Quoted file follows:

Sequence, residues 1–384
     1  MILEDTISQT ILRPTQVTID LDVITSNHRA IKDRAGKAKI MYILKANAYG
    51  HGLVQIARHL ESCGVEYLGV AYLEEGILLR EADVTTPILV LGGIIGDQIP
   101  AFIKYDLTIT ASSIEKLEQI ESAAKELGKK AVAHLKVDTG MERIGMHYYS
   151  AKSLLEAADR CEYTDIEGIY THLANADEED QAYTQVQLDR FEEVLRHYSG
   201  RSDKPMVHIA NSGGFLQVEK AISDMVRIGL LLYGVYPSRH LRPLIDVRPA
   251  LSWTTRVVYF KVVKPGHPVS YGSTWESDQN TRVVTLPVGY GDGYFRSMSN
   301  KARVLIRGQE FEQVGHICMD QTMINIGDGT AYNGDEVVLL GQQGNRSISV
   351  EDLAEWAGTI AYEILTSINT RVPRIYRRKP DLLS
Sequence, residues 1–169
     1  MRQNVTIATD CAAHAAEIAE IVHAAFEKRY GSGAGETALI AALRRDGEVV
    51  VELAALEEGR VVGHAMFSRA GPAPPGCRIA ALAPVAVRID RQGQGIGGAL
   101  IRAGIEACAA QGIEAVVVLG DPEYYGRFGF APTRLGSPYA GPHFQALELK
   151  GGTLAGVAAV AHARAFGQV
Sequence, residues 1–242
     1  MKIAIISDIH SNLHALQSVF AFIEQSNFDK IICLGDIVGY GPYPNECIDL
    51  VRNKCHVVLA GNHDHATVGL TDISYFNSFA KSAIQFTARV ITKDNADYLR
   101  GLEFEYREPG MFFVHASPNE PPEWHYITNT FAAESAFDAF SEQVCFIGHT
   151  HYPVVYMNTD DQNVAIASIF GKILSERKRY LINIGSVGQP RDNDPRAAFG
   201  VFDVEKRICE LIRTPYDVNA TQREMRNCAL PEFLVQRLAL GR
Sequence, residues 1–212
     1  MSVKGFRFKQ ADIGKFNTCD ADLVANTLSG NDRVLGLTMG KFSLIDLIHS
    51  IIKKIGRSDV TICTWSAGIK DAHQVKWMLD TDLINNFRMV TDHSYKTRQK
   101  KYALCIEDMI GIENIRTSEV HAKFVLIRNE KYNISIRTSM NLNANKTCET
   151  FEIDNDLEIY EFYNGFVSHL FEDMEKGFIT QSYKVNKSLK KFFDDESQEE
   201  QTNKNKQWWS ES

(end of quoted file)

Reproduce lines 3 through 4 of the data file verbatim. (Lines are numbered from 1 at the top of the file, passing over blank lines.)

    51  HGLVQIARHL ESCGVEYLGV AYLEEGILLR EADVTTPILV LGGIIGDQIP
   101  AFIKYDLTIT ASSIEKLEQI ESAAKELGKK AVAHLKVDTG MERIGMHYYS